Brocade/Foundry Deal On The Rocks? - InformationWeek

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11/20/2008
05:15 PM
Howard Marks
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Brocade/Foundry Deal On The Rocks?

The merger of Brocade, the clear leader in enterprise Fibre Channel switching, with Foundry Networks, one of the group with Extreme and Force10 that keeps Cisco honest at the high end of the Ethernet switching market, seemed like a good match back in August. With Cisco and the HBA vendors (Emulex and QLogic) pushing FCoE as the best thing since Fibre Channel itself (iSCSI's just for kids, you know) Brocade had to team up with an Ethernet switch vendor to try selling FC/FCoE switches that users p

The merger of Brocade, the clear leader in enterprise Fibre Channel switching, with Foundry Networks, one of the group with Extreme and Force10 that keeps Cisco honest at the high end of the Ethernet switching market, seemed like a good match back in August. With Cisco and the HBA vendors (Emulex and QLogic) pushing FCoE as the best thing since Fibre Channel itself (iSCSI's just for kids, you know) Brocade had to team up with an Ethernet switch vendor to try selling FC/FCoE switches that users plugged into Cisco Ethernet gear down the line.Like everything else in the world, acquisitions take credit. With the implosion of the credit markets this fall, the $3 billion deal has morphed at least twice into smaller and, at least for my friends at Foundry with stock options, less-profitable deals.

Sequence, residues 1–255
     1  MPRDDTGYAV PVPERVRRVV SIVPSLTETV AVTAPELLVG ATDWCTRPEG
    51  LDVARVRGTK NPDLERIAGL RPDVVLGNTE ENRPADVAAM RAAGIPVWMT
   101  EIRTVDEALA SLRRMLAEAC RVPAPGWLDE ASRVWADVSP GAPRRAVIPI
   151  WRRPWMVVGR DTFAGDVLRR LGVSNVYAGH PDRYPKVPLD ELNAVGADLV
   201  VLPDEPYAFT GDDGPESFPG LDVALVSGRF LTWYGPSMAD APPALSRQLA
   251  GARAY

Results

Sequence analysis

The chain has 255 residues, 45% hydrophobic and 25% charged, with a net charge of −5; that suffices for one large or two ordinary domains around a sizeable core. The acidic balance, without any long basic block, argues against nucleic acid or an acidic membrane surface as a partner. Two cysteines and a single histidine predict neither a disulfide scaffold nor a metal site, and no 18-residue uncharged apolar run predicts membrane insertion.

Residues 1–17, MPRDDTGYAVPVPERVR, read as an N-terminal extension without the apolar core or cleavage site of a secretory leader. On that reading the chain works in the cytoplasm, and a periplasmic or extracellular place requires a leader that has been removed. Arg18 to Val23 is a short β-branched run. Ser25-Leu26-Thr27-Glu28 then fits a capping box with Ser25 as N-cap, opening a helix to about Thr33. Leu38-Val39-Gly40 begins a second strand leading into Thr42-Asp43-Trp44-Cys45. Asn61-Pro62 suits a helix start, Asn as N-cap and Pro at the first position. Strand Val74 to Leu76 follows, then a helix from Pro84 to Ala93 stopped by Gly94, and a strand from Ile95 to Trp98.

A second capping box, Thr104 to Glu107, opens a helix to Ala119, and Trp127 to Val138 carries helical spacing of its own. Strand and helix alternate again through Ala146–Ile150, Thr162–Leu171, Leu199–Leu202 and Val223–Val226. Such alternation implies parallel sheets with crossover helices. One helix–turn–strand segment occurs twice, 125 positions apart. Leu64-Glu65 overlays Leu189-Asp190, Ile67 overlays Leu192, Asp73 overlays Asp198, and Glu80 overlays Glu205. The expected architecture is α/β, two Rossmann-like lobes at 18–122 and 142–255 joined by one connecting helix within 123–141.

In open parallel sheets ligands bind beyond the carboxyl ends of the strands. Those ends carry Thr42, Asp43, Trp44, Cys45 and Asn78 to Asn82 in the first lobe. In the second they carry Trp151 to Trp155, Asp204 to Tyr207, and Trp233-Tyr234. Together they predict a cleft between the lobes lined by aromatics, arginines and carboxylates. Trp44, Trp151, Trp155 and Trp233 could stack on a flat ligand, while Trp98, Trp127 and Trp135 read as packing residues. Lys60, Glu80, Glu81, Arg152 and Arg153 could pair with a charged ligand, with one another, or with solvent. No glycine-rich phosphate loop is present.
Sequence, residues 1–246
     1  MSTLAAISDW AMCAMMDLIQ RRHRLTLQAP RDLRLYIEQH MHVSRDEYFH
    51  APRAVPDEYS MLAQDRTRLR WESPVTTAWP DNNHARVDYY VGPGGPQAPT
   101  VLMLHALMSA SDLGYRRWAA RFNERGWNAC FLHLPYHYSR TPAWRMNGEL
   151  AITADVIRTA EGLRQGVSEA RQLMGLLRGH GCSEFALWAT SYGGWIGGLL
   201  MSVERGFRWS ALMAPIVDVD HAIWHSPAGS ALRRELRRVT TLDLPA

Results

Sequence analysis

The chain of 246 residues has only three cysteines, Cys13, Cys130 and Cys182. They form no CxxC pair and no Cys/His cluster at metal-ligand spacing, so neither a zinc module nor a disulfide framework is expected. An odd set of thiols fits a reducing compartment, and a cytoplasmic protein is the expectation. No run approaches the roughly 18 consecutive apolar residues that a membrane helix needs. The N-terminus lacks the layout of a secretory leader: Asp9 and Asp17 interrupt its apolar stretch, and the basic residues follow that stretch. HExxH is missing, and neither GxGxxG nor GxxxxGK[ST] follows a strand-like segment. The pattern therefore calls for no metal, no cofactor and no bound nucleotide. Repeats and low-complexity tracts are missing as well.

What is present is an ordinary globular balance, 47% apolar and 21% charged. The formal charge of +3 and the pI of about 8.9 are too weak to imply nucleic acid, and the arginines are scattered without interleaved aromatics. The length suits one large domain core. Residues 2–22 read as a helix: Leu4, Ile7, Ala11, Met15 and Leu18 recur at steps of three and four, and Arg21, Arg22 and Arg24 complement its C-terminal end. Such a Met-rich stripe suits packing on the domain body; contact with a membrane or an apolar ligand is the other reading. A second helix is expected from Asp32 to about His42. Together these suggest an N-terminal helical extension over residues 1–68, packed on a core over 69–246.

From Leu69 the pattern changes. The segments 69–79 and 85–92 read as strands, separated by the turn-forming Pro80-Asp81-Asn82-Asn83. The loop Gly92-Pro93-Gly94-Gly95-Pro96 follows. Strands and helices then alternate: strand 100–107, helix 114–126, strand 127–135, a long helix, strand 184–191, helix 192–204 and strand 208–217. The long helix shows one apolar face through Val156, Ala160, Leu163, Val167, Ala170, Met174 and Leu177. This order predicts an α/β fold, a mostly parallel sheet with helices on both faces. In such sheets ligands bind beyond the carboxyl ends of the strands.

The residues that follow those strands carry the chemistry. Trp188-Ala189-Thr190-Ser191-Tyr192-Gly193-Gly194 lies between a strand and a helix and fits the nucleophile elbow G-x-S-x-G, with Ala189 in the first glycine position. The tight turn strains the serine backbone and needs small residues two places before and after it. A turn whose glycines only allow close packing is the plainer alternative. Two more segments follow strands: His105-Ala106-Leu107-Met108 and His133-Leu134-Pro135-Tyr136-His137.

In October Brocade modified its offer from $18.50 plus a buck and a quarter's worth of stock to $16.50 a share, trimming $400 million off the deal.

Despite the $1.1 billion line of credit Brocade arranged to pay for the deal, it doesn't seem to be going smoothly.

This week's filings with the SEC revealed that Brocade gave Foundry permission to not only entertain, but also to solicit, other offers until tomorrow. We can only surmise that Brocade's management isn't happy with the financing options available to them. Where's Michael Milken when you really need him?

If the deal doesn't get done this year, Foundry can walk away and pocket $85 million or $125 million, depending on the details.

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